The biosynthesis of the potent environmental carcinogen aflatoxin B1 is to be investigated. This mycotoxin enters the food supply through contamination of grains by the molds Aspergillus flavus, A. Parasiticus and A. Nomius which produce this compound as a normal metabolite. Chronic ingestion leads to liver tumors that are a major cause of premature death in Asia, Africa and Central America. A direct link has been forged between the interaction of the metabolically-activated form of the toxin and DNA, particularly at a """"""""hot spot"""""""" in the p53 gene leading to mutation of the encoded protein. Alterations in p53 are associated with ca. 50% of human cancers. An understanding of its biosynthesis presents problems of fundamental interest in bioorganic chemistry and may afford mean to control the occurrence of this environmental hazard. Described in this application is a set of interlocking experimental approaches to define in detail the biosynthesis of aflatoxin B1. (1) The syntheses of several potential intermediates are proposed in 13C- labeled form for whole-cell incorporation experiments. (2) These intermediates will be examined for their production in vivo and active conversion in cell-free systems. (3) Specific gene disruption and cotransformation experiments are outlined to help determine the function of individual encoded proteins of the aflatoxin and sterigmatocystin biosynthetic clusters. These will be carried out both at Hopkins and in collaboration with groups working in a.parasiticus and A. Nidulans, the sterigmatocystin producer. (4) As chemical transformations are established for the remarkable molecular rearrangements that characterize this pathway, the responsible genes will be over-expressed for detailed mechanistic study. (5) Aggregation and its effect on catalysis of the component biosynthetic enzymes will be probed by a variety of assays sensitive to protein association. (6) Selective inactivators and substrate analogues will be synthesized to elucidate the details of these enzymic reactions-notably of the polyketide synthase and the fatty acid synthases.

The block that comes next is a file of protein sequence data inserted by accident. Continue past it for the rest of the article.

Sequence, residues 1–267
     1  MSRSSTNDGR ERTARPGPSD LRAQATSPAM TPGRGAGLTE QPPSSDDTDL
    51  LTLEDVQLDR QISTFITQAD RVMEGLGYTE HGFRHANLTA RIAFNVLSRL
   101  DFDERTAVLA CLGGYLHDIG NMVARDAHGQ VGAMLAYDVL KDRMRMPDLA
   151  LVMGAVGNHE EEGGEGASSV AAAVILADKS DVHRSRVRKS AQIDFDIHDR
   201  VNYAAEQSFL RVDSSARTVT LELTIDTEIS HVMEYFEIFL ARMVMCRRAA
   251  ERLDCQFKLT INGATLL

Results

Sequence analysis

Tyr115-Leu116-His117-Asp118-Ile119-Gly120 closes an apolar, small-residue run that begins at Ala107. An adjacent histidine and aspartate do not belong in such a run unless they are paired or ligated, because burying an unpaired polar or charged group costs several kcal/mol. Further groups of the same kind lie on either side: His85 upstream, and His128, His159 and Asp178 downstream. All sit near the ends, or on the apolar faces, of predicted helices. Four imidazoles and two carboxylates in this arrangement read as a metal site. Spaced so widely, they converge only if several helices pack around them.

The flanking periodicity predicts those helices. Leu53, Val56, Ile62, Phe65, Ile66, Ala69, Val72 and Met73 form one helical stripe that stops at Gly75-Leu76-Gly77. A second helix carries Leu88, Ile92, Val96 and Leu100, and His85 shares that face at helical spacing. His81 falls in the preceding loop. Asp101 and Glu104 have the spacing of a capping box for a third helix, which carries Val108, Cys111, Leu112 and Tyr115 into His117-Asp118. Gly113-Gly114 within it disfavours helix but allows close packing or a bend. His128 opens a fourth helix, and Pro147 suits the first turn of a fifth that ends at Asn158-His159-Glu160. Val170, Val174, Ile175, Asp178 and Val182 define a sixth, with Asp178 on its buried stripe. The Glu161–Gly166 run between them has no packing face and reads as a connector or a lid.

Agency
National Institute of Health (NIH)
Institute
National Institute of Environmental Health Sciences (NIEHS)
Type
Research Project (R01)
Project #
5R01ES001670-23
Application #
6178431
Study Section
Bio-Organic and Natural Products Chemistry Study Section (BNP)
Program Officer
Thompson, Claudia L
Project Start
1978-02-01
Project End
2002-06-30
Budget Start
2000-07-01
Budget End
2001-06-30
Support Year
23
Fiscal Year
2000
Total Cost
$263,500
Indirect Cost
Name
Johns Hopkins University
Department
Chemistry
Type
Schools of Arts and Sciences
DUNS #
045911138
City
Baltimore
State
MD
Country
United States
Zip Code
21218
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